Posts Tagged ‘theism’

Rob Bell, Hell, and the Evangelical Uproar

Posted: March 15, 2011 by skepticalprogrammer in Atheism
Tags: , , , , , , ,

Recently a pastor friend of mine shared a link to a critique of Rob Bell’s new book Love Wins. For those who haven’t heard about the controversy, the Evangelical Christian community is in an uproar because in Love Wins Rob suggests that a loving God would not send anyone to “Hell” as hell is traditionally defined. Instead of the traditional eternal torment and torture in a fire with no hope of escape for all eternity, Rob speculates that Hell could be more aptly described as the pain and suffering we put ourselves through when we live apart from the wonder of God’s creation.

The critique above basically sums up Rob’s book as the path to Hell (as traditionally defined, not as Rob defines it), and shows the author’s lack of critical thinking skills by using a number of logical fallacies to demonize Rob’s claims. One fallacy in particular that bothered me can be found in the following passage:

Throughout the book he engages in what can best be described as exegetical gymnastics, particularly in dealing with the Greek word aion, a small word that is crucial to his arguments.

While this word is commonly translated as “eternal” or “everlasting,” Bell argues that it can also mean “age” or “period of time,” or even “intensity of experience.” Using this approach, he briefly argues from the parable of the sheep and the goats (Matt. 25:31-46) that eternal punishment isn’t eternal, but rather an intense period of pruning.

Now here’s the thing: aion and aionos definitely can mean “age” or “period of time,” they also mean “eternal.” The word’s context helps us to determine its meaning. So if we assume that these words primarily mean “age” or “period of time,” what happens when we apply that definition to John 3:16 where aionosis used?

For God so loved the world that He sent His only Son so that whosoever believes in Him will not perish but have life for a period of time.

Not as encouraging, is it? While Bell might argue here that “life abundant” might be a better fit (playing on the “intensity of experience” angle and tying it to John 10:10), at the end of the day, we’re left with an approach that gives more credence to living your best life now than it does to worshipping Jesus.

Rob Bell’s argument is not that aion primarily means “age”, or even that it means “age” more often than eternal. Rob’s argument is that in the passages that are often used to describe hell aion can be translated more accurately as “age” or “period of time”. As anyone who has translated text can tell you, context is everything. While translating from English for example, the phrase “Firing up a bowl” would translate very differently depending on whether you were talking about pottery or a party; likewise the Spanish word Mariposa can either reference a butterfly or a homosexual depending on the context.

Why then would someone who is obviously familiar with translating from Greek make such a rookie mistake in logic? I believe the answer is that he is terrified of the implications of Rob’s assertions.

Without Hell, Christianity will die.

As a former Evangelical I can tell you that the thought of those I loved (or even those I didn’t know) ending up in Hell was enough for me to go out of my way to ensure that they never had to endure that torment, and I was from a church which focused on God’s grace rather than hell most of the time. Others such as my wife however, were not so lucky. Growing up in a more conservative background, she heard about the horrors of eternal damnation regularly in sermons, “Judgment Houses”, and everyday conversation. Because of this, she experienced fear and guilt when she began questioning her faith, partially because she had been conditioned to think that not believing would bring her eternal and excruciating pain. When it comes to converting others to Christianity, you would be hard pressed to hear an alter call that does not mention Hell as the alternative to faith in Jesus. Overall, without hell there is very little reason to convert to Christianity, or to avoid deconverting from Christianity.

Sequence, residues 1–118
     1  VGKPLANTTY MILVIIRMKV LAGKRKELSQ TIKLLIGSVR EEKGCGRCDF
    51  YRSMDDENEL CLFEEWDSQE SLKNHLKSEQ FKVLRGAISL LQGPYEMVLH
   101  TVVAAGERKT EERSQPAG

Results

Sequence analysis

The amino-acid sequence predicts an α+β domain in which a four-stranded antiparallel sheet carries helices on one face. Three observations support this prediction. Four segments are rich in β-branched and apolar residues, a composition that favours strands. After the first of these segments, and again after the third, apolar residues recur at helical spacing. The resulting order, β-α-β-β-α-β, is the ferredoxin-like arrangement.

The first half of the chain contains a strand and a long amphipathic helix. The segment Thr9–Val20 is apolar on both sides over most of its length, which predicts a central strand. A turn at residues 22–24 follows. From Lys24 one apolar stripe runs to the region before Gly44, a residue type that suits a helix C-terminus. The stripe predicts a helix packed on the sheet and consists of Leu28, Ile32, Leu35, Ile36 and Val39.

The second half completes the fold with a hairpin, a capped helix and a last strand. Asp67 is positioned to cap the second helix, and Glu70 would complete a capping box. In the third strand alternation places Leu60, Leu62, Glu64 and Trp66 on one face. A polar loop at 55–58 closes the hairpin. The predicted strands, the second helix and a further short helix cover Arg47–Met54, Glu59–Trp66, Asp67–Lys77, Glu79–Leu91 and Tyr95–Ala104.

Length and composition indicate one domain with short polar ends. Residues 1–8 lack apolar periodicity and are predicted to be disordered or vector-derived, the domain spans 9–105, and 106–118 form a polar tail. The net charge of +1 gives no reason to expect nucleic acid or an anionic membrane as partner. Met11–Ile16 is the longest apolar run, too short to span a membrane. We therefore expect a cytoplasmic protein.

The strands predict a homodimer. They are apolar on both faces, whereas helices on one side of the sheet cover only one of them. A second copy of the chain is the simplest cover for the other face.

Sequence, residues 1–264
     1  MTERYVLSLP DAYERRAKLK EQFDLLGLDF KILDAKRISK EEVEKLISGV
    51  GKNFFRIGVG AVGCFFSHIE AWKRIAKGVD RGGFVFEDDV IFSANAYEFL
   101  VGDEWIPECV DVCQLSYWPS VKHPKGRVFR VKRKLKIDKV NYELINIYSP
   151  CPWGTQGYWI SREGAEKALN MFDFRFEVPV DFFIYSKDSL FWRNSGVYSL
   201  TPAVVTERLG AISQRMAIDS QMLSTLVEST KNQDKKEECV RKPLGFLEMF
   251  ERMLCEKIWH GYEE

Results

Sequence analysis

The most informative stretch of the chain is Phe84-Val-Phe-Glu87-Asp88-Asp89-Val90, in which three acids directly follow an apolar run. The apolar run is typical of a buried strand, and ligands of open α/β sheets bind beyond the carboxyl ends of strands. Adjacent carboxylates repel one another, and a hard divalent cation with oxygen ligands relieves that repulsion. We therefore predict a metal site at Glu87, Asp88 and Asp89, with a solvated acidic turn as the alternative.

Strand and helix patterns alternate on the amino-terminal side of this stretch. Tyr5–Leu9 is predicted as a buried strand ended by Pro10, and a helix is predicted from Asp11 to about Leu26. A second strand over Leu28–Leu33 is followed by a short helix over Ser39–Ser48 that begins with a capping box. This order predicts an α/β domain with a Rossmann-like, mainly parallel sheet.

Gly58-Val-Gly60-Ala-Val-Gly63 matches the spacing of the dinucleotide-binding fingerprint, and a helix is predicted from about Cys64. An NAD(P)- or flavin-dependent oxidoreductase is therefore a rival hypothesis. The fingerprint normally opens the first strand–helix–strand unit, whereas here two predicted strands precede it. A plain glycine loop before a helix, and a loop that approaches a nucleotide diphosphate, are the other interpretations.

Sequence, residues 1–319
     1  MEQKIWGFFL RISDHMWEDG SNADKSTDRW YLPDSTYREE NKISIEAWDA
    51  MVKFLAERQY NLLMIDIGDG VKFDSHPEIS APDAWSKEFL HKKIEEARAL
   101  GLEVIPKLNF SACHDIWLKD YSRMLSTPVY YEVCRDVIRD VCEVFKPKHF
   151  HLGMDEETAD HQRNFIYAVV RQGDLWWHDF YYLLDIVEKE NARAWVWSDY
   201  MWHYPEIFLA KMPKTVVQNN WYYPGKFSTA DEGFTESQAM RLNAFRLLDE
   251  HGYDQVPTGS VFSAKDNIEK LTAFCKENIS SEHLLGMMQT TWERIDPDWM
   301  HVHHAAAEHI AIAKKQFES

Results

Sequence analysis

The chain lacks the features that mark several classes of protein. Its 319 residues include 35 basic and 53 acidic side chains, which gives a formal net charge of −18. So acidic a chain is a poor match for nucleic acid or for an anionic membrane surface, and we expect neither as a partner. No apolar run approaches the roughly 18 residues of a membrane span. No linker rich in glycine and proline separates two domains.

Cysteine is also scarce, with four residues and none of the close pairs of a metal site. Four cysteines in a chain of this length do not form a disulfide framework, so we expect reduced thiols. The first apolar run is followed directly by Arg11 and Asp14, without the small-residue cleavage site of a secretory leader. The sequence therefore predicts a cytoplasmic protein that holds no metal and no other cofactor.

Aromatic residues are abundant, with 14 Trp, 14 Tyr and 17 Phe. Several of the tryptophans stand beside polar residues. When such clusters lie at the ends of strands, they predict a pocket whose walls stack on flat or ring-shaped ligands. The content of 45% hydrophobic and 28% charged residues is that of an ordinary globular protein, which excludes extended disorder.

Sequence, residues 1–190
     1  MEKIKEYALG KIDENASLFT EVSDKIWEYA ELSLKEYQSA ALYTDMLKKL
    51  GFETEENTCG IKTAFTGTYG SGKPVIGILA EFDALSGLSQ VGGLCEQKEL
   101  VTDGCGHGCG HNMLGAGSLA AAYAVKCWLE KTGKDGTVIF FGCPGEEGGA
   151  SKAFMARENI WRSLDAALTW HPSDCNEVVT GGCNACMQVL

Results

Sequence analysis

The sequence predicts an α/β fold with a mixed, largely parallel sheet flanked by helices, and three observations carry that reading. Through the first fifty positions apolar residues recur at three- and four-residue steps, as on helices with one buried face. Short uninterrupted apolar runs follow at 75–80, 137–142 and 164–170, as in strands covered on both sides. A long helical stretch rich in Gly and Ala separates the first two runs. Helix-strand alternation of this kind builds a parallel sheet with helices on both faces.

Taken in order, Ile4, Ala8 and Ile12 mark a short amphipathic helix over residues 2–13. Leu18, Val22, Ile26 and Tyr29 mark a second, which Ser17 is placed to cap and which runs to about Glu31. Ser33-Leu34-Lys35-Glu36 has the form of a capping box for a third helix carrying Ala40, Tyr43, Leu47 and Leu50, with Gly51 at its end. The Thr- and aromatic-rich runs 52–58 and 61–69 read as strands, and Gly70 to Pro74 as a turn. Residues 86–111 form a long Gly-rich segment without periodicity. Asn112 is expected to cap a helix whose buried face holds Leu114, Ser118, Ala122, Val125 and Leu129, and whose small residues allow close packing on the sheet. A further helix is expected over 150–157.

Advertisements

This video brings tears to my eyes. Every time. I hope it touches you as much as it did me.

Major life events do not need to invoke religion or a deity to be special and meaningful to the individuals involved.

Seriously. I wouldn’t think something so simple would need to be said, but recently, I realized even more just how saturated our culture is with religious language and thought. People seem unable to express even basic human sentiments without invoking the supernatural.

skepticalProgrammer and I have been searching for a song to play in the background of a slideshow with Little Bit’s hospital photos. You wouldn’t believe just how difficult it is to find something that isn’t completely focused on God/Jesus/Religion rather than the special occasion of a baby being born or the relationship between parents & child. After weeks of searching, we decided to either go with something instrumental or Phil Collin’s You’ll Be in My Heart. There were hardly any secular (or even loosely religious) options available. Can people really not celebrate an enormously special occasion without all the supernatural platitudes? Can’t your baby’s birth, or your marriage, or your graduation, or your anniversary, or any other significant life event be about the PEOPLE involved, their lives, their accomplishments–the simple beauty of nature and humanity?